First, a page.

Berklee Professor Brings Soul Music to Life
Tia Fuller has toured the world in Beyoncé’s band, performed a concert for President Barack Obama at the White House, and appeared on the Today Show, Good Morning America, Oprah, and at the Grammy Awards. But the Berklee professor says that none of that made her as nervous as playing for her latest gig.
Fuller is the saxophonist behind the music of Dorothea Willams, a character in Pixar’s new film, Soul. The character, voiced by the legendary actress Angela Bassett, is a renowned musician who leads a jazz quartet. The film, which also stars Jamie Foxx, Tina Fey, Questlove, Phylicia Rashad, and Daveed Diggs, tells the story of a band teacher who becomes separated from his body, then finds himself in the Great Before, a world where souls get their personalities before coming to Earth.
Soul will be available to stream exclusively on Disney+ starting Friday, December 25. We recently talked to Fuller about her role in the new film. Edited excerpts from the conversion are below.
How did you get this gig?
I received a call that Pixar was looking for a woman to play the saxophone for the animated movie that was coming out. I then spoke to the director at Pixar about details, and she told me that this character is a Black woman who is a “powerhouse” and top jazz saxophonist in New York that every musician wants to play with.
I had another performance that I had committed to at Princeton University the same weekend of the Pixar taping. But, luckily, I was able to switch it around (thanks for your flexibility, Rudresh Mahanthappa).
What does it mean to you to be the sound of Dorothea Williams' music, and to be involved in this film?
I am so humbled and honored to be the sound for Dorothea Williams. First off, as a Black woman, I recognize that I am standing on the shoulders of those Black women who have come before—in history and in “her-story” of jazz music. Black female instrumentalists who have helped shape, mold, and define what we know as jazz today, such as: Mary Lou Williams, Viola "Vi" Burnside, Elvira "Vi" Redd, Ernestine “Tiny” Davis, Lil Hardin Armstrong, Clora Bryant, and the list goes on and on.
Children will now grow up to see that it’s not taboo to see a Black woman play the saxophone...and that jazz...is as “cool” as the popular music of today.
To be the saxophonist for a Black woman in this film is to say that representation is imperative—that diversity and inclusivity amount to deconstructing marginalizing views and reconstructing a more accurate account of our strength and influence in society and music.
With this film, children will now grow up to see that it’s not taboo to see a Black woman play the saxophone, or an Asian woman play the bass or trombone, and that jazz is deeply embedded into the fabric of our music history and is as “cool” as the popular music of today. It will also reacquaint our children with musical instruments and the importance of live music, since many schools have eliminated music programs.
When I travelled to L.A. to record for this film, Pixar hadn't yet decided who was going to be the voice of Dorothea Williams. Ironically enough, I had a chance to meet Angela Bassett on the red carpet at Clive Davis’s Grammy Party in 2019. I was excited to later find out that she was the voice for Dorothea Williams, the quintessential image for a voice for a powerful and regal character. What an honor!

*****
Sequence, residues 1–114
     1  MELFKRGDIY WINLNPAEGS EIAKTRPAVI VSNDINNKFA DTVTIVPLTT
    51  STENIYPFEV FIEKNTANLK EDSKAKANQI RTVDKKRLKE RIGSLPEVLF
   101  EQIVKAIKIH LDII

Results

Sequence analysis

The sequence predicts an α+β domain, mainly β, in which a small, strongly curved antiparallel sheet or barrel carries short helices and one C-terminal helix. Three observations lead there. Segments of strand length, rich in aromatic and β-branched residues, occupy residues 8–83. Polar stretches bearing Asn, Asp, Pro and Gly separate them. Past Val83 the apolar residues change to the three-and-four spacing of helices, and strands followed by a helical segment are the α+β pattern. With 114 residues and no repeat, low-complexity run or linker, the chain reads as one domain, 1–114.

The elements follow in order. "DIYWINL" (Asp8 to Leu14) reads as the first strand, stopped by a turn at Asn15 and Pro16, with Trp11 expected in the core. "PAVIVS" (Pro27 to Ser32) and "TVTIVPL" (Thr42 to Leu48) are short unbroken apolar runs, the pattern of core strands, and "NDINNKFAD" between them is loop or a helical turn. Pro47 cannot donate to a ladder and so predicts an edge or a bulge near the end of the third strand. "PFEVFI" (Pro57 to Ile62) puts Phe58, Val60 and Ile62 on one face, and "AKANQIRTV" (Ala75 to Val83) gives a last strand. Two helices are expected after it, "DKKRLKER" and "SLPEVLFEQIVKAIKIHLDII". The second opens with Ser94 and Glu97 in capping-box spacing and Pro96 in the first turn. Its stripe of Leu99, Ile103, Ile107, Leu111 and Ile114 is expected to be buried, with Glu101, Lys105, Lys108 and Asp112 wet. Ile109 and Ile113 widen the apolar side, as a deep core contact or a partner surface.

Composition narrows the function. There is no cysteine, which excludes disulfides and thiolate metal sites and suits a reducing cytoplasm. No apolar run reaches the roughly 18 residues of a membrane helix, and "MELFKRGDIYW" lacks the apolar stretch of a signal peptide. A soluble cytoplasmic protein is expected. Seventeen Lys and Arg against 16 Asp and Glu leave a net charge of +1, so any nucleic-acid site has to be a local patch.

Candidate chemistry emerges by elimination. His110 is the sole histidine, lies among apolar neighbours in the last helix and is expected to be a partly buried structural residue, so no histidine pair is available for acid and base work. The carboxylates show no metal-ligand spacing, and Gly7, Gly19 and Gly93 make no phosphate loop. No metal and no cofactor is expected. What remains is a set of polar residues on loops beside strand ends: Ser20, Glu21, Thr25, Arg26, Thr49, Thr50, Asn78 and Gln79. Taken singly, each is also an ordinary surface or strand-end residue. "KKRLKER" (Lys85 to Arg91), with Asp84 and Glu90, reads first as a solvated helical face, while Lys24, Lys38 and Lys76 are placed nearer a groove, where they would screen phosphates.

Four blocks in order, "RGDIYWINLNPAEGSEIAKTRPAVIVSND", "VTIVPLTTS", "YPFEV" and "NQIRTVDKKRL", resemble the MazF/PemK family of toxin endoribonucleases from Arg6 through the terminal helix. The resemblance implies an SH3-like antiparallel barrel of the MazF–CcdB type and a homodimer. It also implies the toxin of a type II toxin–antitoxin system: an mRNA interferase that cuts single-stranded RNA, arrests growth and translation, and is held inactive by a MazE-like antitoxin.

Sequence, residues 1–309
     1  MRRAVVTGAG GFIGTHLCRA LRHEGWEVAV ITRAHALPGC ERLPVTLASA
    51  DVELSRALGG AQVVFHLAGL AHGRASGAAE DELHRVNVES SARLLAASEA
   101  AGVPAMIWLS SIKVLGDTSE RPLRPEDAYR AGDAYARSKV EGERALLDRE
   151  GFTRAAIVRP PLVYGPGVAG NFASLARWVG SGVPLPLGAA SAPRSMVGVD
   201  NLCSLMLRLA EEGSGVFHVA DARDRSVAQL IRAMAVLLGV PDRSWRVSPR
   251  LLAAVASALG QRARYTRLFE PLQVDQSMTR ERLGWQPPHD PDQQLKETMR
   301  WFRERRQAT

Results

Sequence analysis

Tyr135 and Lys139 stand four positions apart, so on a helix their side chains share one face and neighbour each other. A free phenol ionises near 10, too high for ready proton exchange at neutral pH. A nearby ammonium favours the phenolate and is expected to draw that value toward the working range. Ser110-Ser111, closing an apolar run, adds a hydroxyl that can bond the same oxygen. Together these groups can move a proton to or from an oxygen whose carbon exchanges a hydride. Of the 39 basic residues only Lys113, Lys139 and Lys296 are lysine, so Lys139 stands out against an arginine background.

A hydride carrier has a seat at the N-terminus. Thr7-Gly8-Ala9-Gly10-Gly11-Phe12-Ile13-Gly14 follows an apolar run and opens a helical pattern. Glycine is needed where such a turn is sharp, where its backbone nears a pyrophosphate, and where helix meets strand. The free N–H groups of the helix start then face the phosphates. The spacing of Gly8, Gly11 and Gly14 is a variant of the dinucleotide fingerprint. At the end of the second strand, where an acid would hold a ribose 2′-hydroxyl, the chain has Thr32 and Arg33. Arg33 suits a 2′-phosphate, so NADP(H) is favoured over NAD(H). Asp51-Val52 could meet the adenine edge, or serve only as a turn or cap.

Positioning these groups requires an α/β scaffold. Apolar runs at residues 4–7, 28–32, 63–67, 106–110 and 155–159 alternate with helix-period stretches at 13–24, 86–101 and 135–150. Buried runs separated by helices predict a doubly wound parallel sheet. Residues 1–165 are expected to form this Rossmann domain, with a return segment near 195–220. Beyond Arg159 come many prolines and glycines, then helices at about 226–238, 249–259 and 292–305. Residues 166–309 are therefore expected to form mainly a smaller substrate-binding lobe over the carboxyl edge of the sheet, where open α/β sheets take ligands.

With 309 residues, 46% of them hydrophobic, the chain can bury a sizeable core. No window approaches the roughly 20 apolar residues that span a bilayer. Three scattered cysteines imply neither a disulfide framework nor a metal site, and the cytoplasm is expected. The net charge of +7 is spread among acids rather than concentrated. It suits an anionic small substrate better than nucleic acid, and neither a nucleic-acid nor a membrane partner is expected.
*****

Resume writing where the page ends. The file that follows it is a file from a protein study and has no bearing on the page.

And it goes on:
Is this your first role in an animated feature? What were some of the most challenging and surprising aspects of the experience?
This was my first time performing in an animated film, and, to be completely transparent, of all of the playing situations that I have been in, I was most nervous about this one. You walk into your recording booth knowing that whatever you played was representing a voice for a Pixar film. And, not only was I recording with the great Roy Haynes, Jon Batiste, Linda Oh, Marcus Gilmore, but there was a room of Pixar directors listening to every note that we played to shape this movie.
One of the most surprising elements of this recording was seeing how Pixar are masters of “minutia,” purpose, and patience. Upon stepping into the studio, the team was so warm and inviting. As I was setting up my horn, they came in and were setting up the microphone and video cameras. One video camera on my face and body and another on my fingers. They said that they were videotaping my actual fingerings, so that the animated character will play the exact same fingerings. They did this with every single instrument in the studio, and it’s amazing to see the end result.
Something else that caught me by surprise is that Pixar changed Dorothea’s character and saxophone to emulate my image. Initially, they had a brown-skinned Black woman with a high bun and a bandana playing the tenor. But upon seeing the trailers, I saw the character shift to a darker-skinned mid-sized Black woman, with mid-length curly hair (how I had my hair at the time), playing an alto saxophone with a Vandoren mouthpiece and ligature. They were impeccable with details of all our body movements and motions.
It’s extraordinary to know that Pixar had a diverse committee of Black artists and consultants to help construct the authentic cultural narrative of Soul. I want to thank the entire team, which included my good friend, Berklee’s own Terri Lyne Carrington, as well as Herbie Hancock, Questlove, and Dr. Johnnetta Cole, the former president of Spelman College, my alma mater, to name a few.